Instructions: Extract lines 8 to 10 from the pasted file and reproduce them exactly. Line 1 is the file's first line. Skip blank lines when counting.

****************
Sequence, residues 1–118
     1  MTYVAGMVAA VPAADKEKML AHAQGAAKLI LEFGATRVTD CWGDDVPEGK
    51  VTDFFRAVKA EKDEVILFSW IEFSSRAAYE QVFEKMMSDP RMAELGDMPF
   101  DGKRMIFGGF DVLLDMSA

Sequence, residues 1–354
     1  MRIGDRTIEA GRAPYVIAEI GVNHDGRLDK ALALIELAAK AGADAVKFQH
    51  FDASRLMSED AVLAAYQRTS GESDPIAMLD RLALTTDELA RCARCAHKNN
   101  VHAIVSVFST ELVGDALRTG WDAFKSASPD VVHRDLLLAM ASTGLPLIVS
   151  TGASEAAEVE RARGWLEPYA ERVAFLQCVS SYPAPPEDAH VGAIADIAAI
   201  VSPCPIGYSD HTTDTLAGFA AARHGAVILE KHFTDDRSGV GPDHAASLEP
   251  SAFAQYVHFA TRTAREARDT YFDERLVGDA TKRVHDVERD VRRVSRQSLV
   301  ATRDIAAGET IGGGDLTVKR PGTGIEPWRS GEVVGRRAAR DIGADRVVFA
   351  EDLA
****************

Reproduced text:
   101  VHAIVSVFST ELVGDALRTG WDAFKSASPD VVHRDLLLAM ASTGLPLIVS
   151  TGASEAAEVE RARGWLEPYA ERVAFLQCVS SYPAPPEDAH VGAIADIAAI
   201  VSPCPIGYSD HTTDTLAGFA AARHGAVILE KHFTDDRSGV GPDHAASLEP